Developing Global Partnerships
GLOBAL HAND HELPED UN FIGHT EBOLA CRISIS
The West African Ebola epidemic had the world terrified. Its growing death toll would eventually reach 11,000, bringing with it the constant fear that the the outbreak would spread further. Organisations across the globe perceived the need for a coordinated response but many weren’t
sure how to help. The United Nations asked Global Hand in 2014 to build an online response page where the business community could give money, services and ideas towards the Ebola crisis. The page was part of a broader IT website portal that Global Hand created and has maintained for the
UN since 2010: https://business.un.org/ It is a portal for businesses to interact with the UN in multiple ways: a place to establish non-profit partnerships, make CSR commitments and provide disaster response.
WORLD ECONOMIC FORUM 2015
It can be hard to bring such people to a slum area, but, through simulation, we can bring a brief ‘x-perience’ of poverty to them. That’s why we took the ‘Struggle for
Survival’ to the World Economic Forum in Davos again in 2015.
Our Global X-perience team ran the x-perience for Davos participants and it was, as always, an amazing, fruitful time with many corporate and political leaders taking part.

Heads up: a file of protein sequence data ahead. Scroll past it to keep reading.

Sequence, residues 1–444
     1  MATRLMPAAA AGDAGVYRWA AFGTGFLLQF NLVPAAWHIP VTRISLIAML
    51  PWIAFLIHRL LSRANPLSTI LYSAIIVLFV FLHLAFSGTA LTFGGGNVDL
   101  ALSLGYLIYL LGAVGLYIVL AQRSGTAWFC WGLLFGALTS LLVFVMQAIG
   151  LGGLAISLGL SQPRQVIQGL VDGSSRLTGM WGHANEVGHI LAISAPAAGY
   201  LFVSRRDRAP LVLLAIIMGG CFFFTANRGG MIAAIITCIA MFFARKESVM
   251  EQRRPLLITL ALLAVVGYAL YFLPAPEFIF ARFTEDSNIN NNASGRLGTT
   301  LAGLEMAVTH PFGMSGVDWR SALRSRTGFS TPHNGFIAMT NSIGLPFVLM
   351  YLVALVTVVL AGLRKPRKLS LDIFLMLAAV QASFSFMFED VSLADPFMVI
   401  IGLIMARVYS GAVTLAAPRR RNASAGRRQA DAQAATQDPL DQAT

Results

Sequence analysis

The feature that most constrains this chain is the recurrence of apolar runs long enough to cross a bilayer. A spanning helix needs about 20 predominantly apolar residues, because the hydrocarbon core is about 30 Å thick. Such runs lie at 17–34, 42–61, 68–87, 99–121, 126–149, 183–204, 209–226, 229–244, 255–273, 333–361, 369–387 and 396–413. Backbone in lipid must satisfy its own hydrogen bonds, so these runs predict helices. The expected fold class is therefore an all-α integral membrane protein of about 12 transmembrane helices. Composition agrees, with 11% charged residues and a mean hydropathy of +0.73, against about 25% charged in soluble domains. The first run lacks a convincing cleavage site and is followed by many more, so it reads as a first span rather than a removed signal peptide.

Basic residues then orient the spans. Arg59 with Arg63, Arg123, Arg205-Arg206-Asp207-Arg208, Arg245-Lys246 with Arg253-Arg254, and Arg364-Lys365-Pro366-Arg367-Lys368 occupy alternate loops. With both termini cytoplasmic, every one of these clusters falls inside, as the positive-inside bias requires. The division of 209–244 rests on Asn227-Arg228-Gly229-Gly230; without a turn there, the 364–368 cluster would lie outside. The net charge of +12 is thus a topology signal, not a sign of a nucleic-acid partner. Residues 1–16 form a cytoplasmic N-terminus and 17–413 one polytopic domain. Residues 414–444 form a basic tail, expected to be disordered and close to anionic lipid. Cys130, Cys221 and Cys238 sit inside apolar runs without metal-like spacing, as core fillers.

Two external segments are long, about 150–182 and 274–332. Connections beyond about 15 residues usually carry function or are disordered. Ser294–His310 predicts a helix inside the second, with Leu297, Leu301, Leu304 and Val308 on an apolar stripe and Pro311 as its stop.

“It is more than a simulation. It’s a life changing experience,” said Ryan Erenhouse from MasterCard. “Even though I have many times visited … the poorest communities… this exercise does something more… It makes you really feel it,” said Gene Sperling, former National Economic Advisor to President Clinton and President Obama.
Each participant was challenged to make commitments as to how they would use their own resources and influence now to make a difference in the lives of the poor.
Trading integrity for survival: The pressure of poverty
We often speak of our experiential programme that simulate issues such as the complexity ...
“I still vividly remember the beginning of the simulation… a group of ...
A Day in the Life of a Refugee: World Economic Forum 2018
“People like us often feel the world forgets us,” says David Livingstone ...